I patted his neck, and spent a few minutes doing one-rein flexions until he was responding softly to my rein aids again instead of setting his whole front end against my hand. We walked off, and I could feel Sully breathe a sigh of relief. He hadn't been prepared for the pressure of the canter work, and I had definitely made the right call in taking a break and doing something totally different to settle and relax him.

When I picked up the trot again, holy moly what a difference a little relaxation had made! Sully was swinging through his back, super engaged, and very happy to go forward. We practiced a few more canter departs on each lead, and while not flawless (or even kind of round), he obediently went forward and it only took a stride or two to get him back on the bit. I am also happy to report that the left lead canter is officially re-installed!

So, the moral of the story is: good green horses are tough to ride. Sully is naturally balanced, and can feel like a horse with a lot better of an understanding of dressage than he has, and his affable personality and overall Labrador-like willingness to please make it easy to ask for more than he is prepared to give at any given time. While Sully does need to be pushed a bit in order to improve, I need to be better about listening to him when he tells me that he isn't prepared for what I'm asking, and do what it takes to get him in a better mental place before insisting on the tough stuff.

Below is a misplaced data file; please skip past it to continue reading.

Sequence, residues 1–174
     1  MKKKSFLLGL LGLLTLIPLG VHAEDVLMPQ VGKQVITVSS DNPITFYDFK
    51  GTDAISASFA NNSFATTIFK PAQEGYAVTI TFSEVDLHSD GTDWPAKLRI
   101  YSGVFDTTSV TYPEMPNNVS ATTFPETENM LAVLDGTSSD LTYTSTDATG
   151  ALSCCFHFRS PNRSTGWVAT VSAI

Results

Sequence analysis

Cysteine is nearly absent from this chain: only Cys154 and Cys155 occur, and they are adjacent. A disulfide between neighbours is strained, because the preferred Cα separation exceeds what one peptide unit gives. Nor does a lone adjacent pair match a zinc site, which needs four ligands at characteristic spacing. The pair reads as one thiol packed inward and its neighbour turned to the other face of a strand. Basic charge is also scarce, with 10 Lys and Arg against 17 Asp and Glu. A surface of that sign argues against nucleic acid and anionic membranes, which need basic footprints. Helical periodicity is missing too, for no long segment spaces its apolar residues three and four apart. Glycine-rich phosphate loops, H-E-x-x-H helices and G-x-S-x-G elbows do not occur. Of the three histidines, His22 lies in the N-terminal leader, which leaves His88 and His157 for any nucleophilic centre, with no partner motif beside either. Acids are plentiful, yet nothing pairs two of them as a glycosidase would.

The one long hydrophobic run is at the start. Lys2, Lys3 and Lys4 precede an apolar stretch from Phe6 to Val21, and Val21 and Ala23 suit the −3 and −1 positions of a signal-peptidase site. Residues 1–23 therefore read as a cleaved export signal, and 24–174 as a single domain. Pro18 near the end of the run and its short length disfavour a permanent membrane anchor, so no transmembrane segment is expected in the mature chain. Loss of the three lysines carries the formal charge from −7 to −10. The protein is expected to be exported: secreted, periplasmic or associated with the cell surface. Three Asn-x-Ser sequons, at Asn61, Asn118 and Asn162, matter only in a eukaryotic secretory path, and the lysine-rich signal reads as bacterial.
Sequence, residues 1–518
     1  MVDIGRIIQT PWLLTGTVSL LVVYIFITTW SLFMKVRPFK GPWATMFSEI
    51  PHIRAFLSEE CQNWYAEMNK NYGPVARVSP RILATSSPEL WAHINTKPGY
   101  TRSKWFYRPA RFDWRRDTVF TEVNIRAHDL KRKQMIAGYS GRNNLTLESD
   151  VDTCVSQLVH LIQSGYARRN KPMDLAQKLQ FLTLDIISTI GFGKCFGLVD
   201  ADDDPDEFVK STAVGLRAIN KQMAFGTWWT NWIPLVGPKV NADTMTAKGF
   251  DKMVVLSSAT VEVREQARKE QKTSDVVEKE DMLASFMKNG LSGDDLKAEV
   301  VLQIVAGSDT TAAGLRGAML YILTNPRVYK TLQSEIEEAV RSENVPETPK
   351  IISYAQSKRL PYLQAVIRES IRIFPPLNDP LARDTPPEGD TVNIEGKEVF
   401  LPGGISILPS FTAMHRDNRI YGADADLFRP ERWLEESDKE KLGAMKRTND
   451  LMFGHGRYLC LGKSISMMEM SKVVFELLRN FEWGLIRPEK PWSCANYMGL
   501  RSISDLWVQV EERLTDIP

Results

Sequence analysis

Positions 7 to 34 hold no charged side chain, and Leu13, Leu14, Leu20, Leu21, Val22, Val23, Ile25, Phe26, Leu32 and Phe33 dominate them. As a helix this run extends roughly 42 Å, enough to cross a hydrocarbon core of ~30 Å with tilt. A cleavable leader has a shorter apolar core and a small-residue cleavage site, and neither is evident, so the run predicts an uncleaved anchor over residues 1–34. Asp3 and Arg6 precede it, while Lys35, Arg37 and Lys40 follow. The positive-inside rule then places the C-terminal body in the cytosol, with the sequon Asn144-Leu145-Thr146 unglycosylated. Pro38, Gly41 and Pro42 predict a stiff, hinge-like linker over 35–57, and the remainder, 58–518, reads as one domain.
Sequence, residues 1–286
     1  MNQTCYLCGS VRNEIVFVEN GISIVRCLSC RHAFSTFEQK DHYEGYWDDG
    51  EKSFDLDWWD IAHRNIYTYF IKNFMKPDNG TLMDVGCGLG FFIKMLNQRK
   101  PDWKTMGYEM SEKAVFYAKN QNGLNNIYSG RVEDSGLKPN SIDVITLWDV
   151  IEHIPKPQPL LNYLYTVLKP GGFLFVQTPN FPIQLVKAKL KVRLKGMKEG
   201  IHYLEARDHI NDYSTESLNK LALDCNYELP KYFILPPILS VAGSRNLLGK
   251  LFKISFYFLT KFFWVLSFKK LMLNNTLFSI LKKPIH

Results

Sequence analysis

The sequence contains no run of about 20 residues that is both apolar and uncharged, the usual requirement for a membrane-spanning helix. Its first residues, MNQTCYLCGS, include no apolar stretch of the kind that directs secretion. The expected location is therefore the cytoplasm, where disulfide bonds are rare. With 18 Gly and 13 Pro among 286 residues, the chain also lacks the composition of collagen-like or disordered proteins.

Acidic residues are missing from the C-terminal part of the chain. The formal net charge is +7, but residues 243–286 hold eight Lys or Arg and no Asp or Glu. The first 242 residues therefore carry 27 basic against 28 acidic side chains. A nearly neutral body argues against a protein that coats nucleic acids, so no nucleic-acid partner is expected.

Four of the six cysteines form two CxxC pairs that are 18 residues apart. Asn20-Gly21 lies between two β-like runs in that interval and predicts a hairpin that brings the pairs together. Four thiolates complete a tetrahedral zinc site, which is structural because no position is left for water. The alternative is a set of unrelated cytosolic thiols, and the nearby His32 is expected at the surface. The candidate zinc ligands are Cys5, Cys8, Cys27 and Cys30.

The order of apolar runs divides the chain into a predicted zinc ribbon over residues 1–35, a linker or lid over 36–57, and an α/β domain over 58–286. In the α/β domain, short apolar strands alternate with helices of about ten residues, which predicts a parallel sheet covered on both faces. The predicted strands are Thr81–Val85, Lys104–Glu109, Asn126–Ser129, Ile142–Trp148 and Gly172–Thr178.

Sully is, at his core, an EXCELLENT foxhunter, and this dressage thing is really tough for him! He would much rather be out in the field with his hunt buddies, galloping hell-bent-for-leather and soaring over giant coops that would make me pee my pants. Dressage is an important part of his education, but it's not his forte, and I need to respect those limits while gently stretching him both mentally and physically.

I need to be prepared to prepare my horse for what I'm going to ask him to do!

As always, I'm still just so grateful to Sully's mom for letting me have the ride on her lovely guy! I'm itching to get back in the show ring with both of the ponies, and hope to have a few more successful competitions on both Dino and Sully this season.



  1. Sully sounds like a total doll!

  2. So cool that you're getting to play with Sully. He sounds like a wonderful chap.

    1. He is really spectacular... the world's greatest amateur horse for sure!

  3. Aw you and Sully look so great together! Also yea my leg doesn't stay long either. Wtf so annoying!

    1. Aw thanks! These pictures make me want to take away my own stirrups forever UGH!

  4. What a fantastic experience. You are doing great with him